Drummer: "Okay, I'll pretend to be a one-man multi tracked vocal section if I get to play piano..."
Rest of band: "IT'S A DEAL!!!"
On a serious note; this is probably the most successful song on the DVD as far as the blending of band and orchestra goes. Not the greatest song ever written but it comes across well.

Then comes 'Gates of Delirium. Like their rendition of 'Close To The Edge' it's basically a very average version dragged down farther by a decidedly pedestrian, middle-of-the-road orchestration. The orchestra performs the role of nothing more than an expensive accompanist and adds nothing of worth to the composition. Keyboardist Tom Brislin does another fine job, though.

A Steve Howe solo spot comes next. Always enjoyable. Starship Trooper follows on, and a fine version it is, too. Interestingly enough, they decide not to bring the orchestra in until "wurm". Yet again Tom Brislin is excellent. In fact, the whole band plays well on this one. The orchestra is completely superfluous.

Magnification, from the album of the same name, is another one where the orchestra and band gel rather well. But is it all really worth the bother? Probably not.

And You And I A complete symphony orchestra and yet it still doesn't sound as good as Rick Wakeman's mellotron. You go figure.

Out of all the Yes "classics" on this DVD Ritual is the one that comes across best, as visually as well as musically it's quite dramatic.

Your Move/All Good People is nothing great as far as performance goes. It does, however, get the audience up on its feet, which is maybe not a good thing, as there's some pretty grotesque dancing going on down there. Oh, and the orchestration is truly awful on this one - almost as grotesque as some of those dancers.

The one concession to 80s Yes is a pretty lame version of Owner Of A Lonely Heart without orchestra.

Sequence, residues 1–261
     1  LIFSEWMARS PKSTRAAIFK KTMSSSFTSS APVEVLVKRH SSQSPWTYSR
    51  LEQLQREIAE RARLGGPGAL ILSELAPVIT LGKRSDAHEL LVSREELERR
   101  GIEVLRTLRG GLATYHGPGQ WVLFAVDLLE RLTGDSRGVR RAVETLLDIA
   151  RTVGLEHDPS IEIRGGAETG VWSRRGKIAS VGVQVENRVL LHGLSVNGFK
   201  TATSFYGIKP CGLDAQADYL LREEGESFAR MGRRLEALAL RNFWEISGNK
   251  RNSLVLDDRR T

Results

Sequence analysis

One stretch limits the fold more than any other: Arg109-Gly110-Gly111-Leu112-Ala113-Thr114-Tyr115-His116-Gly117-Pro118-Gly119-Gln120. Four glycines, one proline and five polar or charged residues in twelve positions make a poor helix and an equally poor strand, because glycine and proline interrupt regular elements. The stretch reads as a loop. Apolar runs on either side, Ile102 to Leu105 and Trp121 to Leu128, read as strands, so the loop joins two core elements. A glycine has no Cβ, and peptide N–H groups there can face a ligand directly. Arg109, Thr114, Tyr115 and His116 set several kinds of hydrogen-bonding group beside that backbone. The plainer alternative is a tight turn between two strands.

The DVD ends with an orchestra-free version of Roundabout The reason there's no orchestra one this one is because they're all out front dancing their pants off (I wish). Well, they're dancing, but they keep their pants on. A quick word about that orchestra: taking the masculine brass section out of the equation, this is the first time in my life I can safely say that I wouldn't mind getting intimate with an entire orchestra.

So what can I say? Chris Squire plays brilliantly as always. Ditto Alan White. Jon Anderson's voice is as good as ever. Tom Brislin plays a blinder. Only Steve Howe's playing lacks the fire of old. And the orchestra plays what's been written for them - trite, clichéd nonsense basically. All in all the whole thing doesn't really gel. The band doesn't sound particularly inspired - Steve Howes fingers seem to get, er, stuck a lot - and the orchestration is entirely naff. The notion that the orchestra is there to replace the keyboard parts is a fallacy. I can't think of one keyboard part that's been replaced. The orchestra is completely superfluous and, sonically, sounds bad. When all is said and done, I give everyone concerned 10 out of 10 for effort. But I'm afraid I'll have to give the DVD a * * rating.

You have been in the presence of ThE mEnTaLiSt upon his high-horse.

The Mentalist | 2/5 |